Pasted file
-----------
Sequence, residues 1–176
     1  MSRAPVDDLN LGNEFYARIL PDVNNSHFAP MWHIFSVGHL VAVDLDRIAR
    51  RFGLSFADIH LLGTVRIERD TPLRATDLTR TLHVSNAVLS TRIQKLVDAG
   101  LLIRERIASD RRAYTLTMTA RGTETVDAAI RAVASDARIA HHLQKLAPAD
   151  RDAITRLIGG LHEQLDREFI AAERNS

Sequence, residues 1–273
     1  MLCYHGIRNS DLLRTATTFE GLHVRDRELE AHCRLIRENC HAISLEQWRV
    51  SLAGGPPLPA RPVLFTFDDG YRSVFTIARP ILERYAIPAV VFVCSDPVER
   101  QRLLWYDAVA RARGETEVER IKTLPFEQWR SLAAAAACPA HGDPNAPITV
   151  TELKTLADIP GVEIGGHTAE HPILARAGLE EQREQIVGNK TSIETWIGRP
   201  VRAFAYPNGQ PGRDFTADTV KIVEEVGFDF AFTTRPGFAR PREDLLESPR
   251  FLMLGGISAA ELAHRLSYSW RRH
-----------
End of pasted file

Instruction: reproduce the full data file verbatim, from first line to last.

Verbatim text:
Sequence, residues 1–176
     1  MSRAPVDDLN LGNEFYARIL PDVNNSHFAP MWHIFSVGHL VAVDLDRIAR
    51  RFGLSFADIH LLGTVRIERD TPLRATDLTR TLHVSNAVLS TRIQKLVDAG
   101  LLIRERIASD RRAYTLTMTA RGTETVDAAI RAVASDARIA HHLQKLAPAD
   151  RDAITRLIGG LHEQLDREFI AAERNS

Sequence, residues 1–273
     1  MLCYHGIRNS DLLRTATTFE GLHVRDRELE AHCRLIRENC HAISLEQWRV
    51  SLAGGPPLPA RPVLFTFDDG YRSVFTIARP ILERYAIPAV VFVCSDPVER
   101  QRLLWYDAVA RARGETEVER IKTLPFEQWR SLAAAAACPA HGDPNAPITV
   151  TELKTLADIP GVEIGGHTAE HPILARAGLE EQREQIVGNK TSIETWIGRP
   201  VRAFAYPNGQ PGRDFTADTV KIVEEVGFDF AFTTRPGFAR PREDLLESPR
   251  FLMLGGISAA ELAHRLSYSW RRH